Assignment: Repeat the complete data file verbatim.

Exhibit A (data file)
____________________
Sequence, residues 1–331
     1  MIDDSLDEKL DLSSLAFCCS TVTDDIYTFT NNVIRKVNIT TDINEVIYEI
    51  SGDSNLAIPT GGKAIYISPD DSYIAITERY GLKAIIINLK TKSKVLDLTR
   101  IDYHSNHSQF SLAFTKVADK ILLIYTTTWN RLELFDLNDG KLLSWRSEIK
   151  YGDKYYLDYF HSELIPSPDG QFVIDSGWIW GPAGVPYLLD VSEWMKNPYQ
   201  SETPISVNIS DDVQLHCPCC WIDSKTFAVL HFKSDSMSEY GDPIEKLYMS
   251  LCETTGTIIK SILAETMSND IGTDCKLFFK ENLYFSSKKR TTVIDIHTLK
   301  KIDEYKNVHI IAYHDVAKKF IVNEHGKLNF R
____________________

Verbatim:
Sequence, residues 1–331
     1  MIDDSLDEKL DLSSLAFCCS TVTDDIYTFT NNVIRKVNIT TDINEVIYEI
    51  SGDSNLAIPT GGKAIYISPD DSYIAITERY GLKAIIINLK TKSKVLDLTR
   101  IDYHSNHSQF SLAFTKVADK ILLIYTTTWN RLELFDLNDG KLLSWRSEIK
   151  YGDKYYLDYF HSELIPSPDG QFVIDSGWIW GPAGVPYLLD VSEWMKNPYQ
   201  SETPISVNIS DDVQLHCPCC WIDSKTFAVL HFKSDSMSEY GDPIEKLYMS
   251  LCETTGTIIK SILAETMSND IGTDCKLFFK ENLYFSSKKR TTVIDIHTLK
   301  KIDEYKNVHI IAYHDVAKKF IVNEHGKLNF R